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Southwood School: A Case Study in Training and Development

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1 Southwood School: A Case Study in Training and Development
This case study begins with a presentation outlining some of the key concepts involved in training and development. After listening to the presentation, students should read the actual case and then participate in activities chosen by their instructor. Fiona L. Robson 2008

2 Definitions Training refers to the methods used to give new or present employees the skills they need to perform their jobs. Dessler (2007, p. 270) Training and development are processes that attempt to provide employees with information, skills and an understanding of the organization and its goals. Ivancevich (2007, p. 393) The terms “training” and “development” are sometimes used interchangeably by students. Students should be encouraged to demonstrate their understanding of the differences between the terms. ©SHRM 2011

3 Training Benefits Training:
Improves individual, team and organization performance. Supports employee retention strategies. Increases flexibility. Improves customer service. May increase job satisfaction. May decrease errors in the workplace. Training benefits both the organization and its employees. Training is an investment that employers provide to benefit the employee and the organization as a whole. Training interventions can be expensive to implement, so it is important to understand the benefits. Training improves individual, team and organization performance. Adding new skills, knowledge and experience enables employees to improve their performance and become more efficient at what they do. This leads to higher productivity, which benefits the organization as a whole. Training supports employee retention strategies. Employers that invest in training become desirable employers; people want to work for them, which aids recruitment efforts. Similarly, effective training programs improve employee retention; it shows that the employer invests in and values its employees. However, employers must be careful not to spend too much time or money training employees only to have them leave and take their newly acquired knowledge and skills to another organization. Some employers require a departing worker to refund the organization for part or all of college or university course fees if the employee leaves shortly after taking the course. Training increases flexibility. Cross-training allows organizations to assign highly skilled employees to different work areas when needed. This means that if a team member is absent, someone else can do that employee’s job and maintain productivity. Training improves customer satisfaction. Customers are likely to be more satisfied when they interact with skilled employees who can effectively help them. This improves the organization’s reputation and may provide a competitive advantage over rivals. Training may increase job satisfaction. Many employees enjoy learning and having the chance to try new things. This may improve their job satisfaction. It may also encourage employees to seek promotions if they know they will receive the necessary training to do the job. Training may decrease errors in the workplace. Highly trained employees are less likely to make costly errors . ©SHRM 2011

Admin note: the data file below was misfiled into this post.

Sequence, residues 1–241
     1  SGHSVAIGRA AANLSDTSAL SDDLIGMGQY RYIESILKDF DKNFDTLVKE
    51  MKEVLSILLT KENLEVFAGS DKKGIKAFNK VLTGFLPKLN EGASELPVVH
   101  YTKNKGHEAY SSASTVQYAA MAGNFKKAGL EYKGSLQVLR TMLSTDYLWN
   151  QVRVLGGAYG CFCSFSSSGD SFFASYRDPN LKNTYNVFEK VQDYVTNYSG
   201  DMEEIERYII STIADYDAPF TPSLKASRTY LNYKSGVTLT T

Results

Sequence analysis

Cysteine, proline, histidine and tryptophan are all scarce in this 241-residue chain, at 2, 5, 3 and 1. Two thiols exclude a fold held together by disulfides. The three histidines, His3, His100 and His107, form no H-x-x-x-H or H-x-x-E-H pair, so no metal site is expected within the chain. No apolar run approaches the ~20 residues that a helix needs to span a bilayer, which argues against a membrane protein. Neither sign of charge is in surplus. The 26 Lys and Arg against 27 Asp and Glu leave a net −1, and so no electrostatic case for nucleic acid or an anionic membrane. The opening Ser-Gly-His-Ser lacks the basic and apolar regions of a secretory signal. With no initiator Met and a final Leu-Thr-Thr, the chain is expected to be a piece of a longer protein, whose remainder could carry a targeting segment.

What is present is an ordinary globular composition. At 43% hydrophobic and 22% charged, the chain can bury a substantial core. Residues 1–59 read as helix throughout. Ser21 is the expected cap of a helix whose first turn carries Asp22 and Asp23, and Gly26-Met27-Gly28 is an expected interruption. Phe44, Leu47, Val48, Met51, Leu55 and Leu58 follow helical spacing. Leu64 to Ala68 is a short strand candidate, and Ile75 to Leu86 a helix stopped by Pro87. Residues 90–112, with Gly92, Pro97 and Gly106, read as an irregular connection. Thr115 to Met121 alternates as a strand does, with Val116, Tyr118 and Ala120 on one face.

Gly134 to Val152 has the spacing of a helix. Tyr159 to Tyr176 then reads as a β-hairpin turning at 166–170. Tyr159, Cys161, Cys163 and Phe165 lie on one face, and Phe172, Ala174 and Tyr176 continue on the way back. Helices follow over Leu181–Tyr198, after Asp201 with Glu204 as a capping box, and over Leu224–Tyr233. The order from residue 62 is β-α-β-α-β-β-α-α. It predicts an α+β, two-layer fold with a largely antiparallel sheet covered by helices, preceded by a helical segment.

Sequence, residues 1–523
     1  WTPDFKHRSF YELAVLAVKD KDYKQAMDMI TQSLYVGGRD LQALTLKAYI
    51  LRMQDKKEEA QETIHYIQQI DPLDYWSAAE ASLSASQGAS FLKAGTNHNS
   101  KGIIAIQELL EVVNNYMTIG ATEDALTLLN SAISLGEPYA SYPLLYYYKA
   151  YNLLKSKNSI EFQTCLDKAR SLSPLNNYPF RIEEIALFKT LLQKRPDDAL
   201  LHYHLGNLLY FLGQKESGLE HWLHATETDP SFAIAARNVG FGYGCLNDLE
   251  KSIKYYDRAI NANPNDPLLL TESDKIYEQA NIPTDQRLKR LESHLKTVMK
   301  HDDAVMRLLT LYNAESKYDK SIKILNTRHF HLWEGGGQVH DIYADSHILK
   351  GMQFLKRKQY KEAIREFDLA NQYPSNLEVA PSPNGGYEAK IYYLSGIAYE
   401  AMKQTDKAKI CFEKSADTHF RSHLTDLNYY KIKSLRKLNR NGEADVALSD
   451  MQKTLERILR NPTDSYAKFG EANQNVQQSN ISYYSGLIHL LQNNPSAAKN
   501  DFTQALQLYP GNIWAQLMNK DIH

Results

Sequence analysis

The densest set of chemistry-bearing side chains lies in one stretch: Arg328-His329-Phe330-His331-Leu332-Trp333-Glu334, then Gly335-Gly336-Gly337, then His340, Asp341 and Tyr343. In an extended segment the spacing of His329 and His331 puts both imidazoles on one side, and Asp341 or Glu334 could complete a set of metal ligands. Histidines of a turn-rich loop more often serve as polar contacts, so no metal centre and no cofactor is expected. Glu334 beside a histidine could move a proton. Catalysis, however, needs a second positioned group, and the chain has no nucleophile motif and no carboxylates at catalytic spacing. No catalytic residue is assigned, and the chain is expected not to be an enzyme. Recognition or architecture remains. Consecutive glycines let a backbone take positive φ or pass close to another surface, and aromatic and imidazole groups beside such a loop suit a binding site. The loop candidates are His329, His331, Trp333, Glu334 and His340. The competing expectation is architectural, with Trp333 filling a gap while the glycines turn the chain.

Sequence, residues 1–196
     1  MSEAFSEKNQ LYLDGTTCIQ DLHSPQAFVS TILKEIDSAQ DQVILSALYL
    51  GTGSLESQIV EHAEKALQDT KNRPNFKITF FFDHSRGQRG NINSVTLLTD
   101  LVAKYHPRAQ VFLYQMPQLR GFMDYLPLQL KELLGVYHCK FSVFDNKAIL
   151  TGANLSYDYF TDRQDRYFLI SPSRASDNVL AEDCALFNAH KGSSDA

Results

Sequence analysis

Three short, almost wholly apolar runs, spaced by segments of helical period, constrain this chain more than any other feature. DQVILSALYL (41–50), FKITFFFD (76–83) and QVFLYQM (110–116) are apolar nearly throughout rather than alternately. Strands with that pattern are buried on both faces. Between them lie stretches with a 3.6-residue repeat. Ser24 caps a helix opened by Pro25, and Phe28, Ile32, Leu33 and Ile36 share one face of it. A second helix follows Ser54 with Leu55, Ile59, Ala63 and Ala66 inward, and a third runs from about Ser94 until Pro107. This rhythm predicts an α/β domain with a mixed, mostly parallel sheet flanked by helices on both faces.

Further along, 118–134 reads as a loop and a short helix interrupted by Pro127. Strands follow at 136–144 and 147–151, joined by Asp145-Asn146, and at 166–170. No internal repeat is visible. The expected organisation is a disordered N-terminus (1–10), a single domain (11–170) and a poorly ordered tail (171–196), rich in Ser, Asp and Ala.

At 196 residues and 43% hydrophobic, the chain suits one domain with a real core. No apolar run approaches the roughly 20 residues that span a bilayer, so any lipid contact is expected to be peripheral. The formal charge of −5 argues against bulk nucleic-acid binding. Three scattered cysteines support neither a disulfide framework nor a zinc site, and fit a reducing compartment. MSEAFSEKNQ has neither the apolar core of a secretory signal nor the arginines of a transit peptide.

4 When Is Classroom-Based Training Appropriate?
When the desired skills are best taught through formal instruction. When a number of people need to learn skills/knowledge in the same area. When critical information must be communicated to ensure employees meet their responsibilities. Source: Armstrong (2006, p. 576) There are many different training delivery methods, some of which will be explored later in this presentation. We will begin by discussing when it is appropriate to deliver classroom-based training to several groups of employees at the same time. Classroom-based training is appropriate when the best way to share information is through formal instruction, perhaps because the training is related to a new policy or a process that must performed in a precise manner. Classroom-based training is also appropriate when a number of people must be trained at the same time. For example, if a new computer system is to be launched in two weeks, it may be necessary for everyone to receive the training as soon as possible. Classroom-based training is the most cost-effective method in this situation. ©SHRM 2011

5 The Five-Step Training and Development Process
Effective training programs consist of five steps: 1. Needs analysis 2. Instructional design 3. Validation 4. Implementation. 5. Evaluation. Dessler (2007), based on the earlier work of Goldstein The next few slides describe the five stages involved in an effective training and development process. The instructor could develop these slides further by providing a examples for each stage. ©SHRM 2011

6 Step 1: Needs Analysis Identifies the skills needed for employees to perform their jobs. Assesses existing skills. Identifies objectives to close any identified skills gaps. A needs analysis identifies the skills needed for employees to do their jobs, assesses those skills and identifies the steps needed to close any identified skills gaps. Once the needed skills are identified, existing skills must be assessed against the needed skills to show the gaps in existing skills and knowledge. The final stage of this process identifies the objectives needed to overcome the gaps between existing and required skills. ©SHRM 2011

7 Step 2: Instructional Design
At this stage, the content of the course/program is designed. Specific activities are identified. Relevant materials are prepared. A training program should be designed to meet the objectives identified in Stage 1. The trainer can then decide on specific activities that could be used to provide effective training that meets the needs and objectives. This stage also includes preparing learning materials such as presentations, handouts, role play scenarios and case studies, depending on the nature of the training topic. ©SHRM 2011